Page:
One of the questions
most often asked about the Moravian workbench I
wrote about a
years back, concerns the tusk tenons (aka keyed
tenons) that are the backbone of the design.
The tusk tenons on the bench I built over four years ago have
performed flawlessly. That bench is still the one I use
primarily, it travels with me to classes and on other trips,
assembled and taken apart scores of times.
Nevertheless, the keyed tenon seem to have a not so great
reputation in the woodworking community. I think that this bad
reputation comes not so much from the older forms of the joint,
but from later times, more specifically arts and crafts
The early forms of the tusk tenon are generally much larger and
more robust. During the arts and crafts movement, starting in
the 1870’s, tusk tenon joinery appeared quite often on
bookcases, clocks, tables and chairs. Most of these were more
for decoration of the piece than structural. Most are made small
with a small amount of wood past the wedge.
Over time, the wedges would get loose, someone would drive
the wedge back in too tight and… Crack! The end grain of the
tenon would blow out. That’s my theory anyway. I am not trying
to knock art and crafts furniture, these small joints were fine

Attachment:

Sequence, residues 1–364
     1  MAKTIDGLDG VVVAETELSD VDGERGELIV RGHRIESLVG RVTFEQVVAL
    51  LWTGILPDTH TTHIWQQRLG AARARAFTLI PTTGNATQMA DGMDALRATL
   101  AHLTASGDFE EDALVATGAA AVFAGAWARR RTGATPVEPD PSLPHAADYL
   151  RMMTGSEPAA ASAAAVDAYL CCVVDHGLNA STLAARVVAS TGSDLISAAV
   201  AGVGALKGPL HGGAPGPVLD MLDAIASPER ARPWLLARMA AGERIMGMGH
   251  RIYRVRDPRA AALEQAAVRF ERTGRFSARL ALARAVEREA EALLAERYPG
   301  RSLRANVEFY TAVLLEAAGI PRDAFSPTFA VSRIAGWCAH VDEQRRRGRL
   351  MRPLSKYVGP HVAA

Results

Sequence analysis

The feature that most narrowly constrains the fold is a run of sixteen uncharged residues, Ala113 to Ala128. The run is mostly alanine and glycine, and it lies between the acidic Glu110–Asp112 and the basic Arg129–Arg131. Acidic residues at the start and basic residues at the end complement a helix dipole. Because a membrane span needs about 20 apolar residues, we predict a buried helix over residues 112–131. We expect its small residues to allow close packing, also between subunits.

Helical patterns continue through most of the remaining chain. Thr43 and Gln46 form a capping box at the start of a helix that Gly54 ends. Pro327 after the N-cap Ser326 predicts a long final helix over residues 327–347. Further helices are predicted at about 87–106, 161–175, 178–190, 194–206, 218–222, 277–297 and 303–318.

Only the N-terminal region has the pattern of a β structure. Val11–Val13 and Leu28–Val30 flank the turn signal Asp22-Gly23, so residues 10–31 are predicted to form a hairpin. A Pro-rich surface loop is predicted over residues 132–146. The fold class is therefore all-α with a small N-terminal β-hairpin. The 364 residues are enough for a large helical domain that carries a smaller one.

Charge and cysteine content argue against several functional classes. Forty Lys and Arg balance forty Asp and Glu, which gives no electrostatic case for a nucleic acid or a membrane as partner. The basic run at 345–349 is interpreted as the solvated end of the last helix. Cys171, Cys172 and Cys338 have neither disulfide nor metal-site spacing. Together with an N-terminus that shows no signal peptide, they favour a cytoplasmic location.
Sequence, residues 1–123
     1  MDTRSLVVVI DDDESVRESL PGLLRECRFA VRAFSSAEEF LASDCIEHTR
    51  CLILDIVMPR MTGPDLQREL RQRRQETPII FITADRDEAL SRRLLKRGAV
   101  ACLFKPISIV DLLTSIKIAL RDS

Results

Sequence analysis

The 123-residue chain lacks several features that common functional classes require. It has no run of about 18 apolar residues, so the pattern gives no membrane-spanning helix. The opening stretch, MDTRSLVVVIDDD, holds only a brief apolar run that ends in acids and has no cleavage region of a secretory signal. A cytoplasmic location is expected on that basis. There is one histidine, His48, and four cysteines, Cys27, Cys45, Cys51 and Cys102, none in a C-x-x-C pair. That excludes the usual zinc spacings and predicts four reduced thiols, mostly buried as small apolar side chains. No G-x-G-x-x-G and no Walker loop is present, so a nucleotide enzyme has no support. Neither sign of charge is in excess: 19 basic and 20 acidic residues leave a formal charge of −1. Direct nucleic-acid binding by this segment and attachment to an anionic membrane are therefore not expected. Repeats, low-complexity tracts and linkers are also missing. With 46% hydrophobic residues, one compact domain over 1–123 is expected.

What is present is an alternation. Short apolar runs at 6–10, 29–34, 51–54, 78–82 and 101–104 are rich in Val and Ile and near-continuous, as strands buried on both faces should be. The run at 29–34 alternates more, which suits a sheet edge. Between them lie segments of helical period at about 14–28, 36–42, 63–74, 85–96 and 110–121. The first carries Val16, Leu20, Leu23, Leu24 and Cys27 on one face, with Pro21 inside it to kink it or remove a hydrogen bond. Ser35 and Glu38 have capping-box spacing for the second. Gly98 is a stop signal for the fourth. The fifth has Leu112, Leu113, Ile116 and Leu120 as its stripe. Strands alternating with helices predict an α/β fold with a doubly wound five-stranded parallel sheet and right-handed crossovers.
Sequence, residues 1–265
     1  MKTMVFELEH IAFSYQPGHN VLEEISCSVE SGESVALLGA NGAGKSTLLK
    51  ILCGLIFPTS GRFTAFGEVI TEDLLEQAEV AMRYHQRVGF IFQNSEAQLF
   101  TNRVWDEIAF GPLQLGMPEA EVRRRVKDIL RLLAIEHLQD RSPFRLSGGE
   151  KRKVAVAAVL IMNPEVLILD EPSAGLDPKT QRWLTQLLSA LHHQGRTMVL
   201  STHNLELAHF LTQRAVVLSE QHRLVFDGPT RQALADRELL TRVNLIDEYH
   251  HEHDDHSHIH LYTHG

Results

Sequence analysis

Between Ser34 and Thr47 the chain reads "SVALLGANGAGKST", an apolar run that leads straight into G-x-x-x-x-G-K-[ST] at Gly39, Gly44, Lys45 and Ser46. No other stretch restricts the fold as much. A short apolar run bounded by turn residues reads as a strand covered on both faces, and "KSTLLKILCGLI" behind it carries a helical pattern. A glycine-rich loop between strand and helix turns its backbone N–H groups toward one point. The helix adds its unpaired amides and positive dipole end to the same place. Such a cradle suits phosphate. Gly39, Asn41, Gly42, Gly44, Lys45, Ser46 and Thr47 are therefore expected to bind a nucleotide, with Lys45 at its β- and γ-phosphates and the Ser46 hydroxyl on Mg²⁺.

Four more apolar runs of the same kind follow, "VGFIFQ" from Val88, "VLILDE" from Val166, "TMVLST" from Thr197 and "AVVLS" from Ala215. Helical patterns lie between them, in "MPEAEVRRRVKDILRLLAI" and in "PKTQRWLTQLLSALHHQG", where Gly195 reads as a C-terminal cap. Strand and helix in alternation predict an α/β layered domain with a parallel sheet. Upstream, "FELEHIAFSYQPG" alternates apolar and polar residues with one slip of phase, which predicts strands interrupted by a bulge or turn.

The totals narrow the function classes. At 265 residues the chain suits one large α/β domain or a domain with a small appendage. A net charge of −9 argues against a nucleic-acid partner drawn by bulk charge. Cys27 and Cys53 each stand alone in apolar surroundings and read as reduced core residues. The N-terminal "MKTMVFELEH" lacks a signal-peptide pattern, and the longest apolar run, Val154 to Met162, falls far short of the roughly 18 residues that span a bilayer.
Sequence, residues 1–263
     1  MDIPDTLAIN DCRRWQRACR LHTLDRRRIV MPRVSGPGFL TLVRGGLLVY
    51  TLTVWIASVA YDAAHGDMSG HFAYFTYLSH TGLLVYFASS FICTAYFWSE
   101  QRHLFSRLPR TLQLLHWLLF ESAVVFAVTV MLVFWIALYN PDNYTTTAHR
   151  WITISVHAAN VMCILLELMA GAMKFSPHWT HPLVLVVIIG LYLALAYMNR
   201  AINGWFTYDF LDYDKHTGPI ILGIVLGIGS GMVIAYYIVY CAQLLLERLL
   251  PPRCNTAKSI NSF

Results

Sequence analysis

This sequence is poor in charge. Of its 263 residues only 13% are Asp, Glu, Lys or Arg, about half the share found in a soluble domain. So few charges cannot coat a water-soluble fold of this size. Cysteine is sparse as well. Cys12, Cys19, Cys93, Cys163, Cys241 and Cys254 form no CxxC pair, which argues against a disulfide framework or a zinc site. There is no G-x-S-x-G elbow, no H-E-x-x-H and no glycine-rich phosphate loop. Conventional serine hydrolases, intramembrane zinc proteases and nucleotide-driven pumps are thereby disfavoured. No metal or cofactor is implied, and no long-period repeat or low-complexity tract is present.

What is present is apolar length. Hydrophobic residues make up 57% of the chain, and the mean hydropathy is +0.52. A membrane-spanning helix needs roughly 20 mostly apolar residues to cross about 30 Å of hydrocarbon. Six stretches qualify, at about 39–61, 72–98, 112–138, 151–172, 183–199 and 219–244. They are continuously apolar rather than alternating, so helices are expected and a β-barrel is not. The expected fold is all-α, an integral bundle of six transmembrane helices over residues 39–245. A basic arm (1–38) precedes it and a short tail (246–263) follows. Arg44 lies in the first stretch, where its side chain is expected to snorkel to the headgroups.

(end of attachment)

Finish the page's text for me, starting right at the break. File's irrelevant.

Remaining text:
for a bookcase or clock. Really, how much thrashing does a clock
or book case get most of the time? Different story on something
like a workbench though.
I have not been able to find an exact date when this type of
joint came into existence. Most sources say the joint seems to
have originated in central Europe. As these folks immigrated to
the United States they of course brought knowledge of this type
of joinery with them. T
The Moravians (Old Salem, NC), from which this bench design
originates, came from what is modern day Czech Republic. The
oldest known mortise and tenon joint is of the keyed variety
excavated from a well in Leipzig, Germany. It was found to be
7000 years old.
What gives this type of joint strength and the reason it has
endured millennia, in my opinion is enough wood beyond the wedge
on the tenon (as the vintage ones are made) and as you will see
in the video the wedge itself.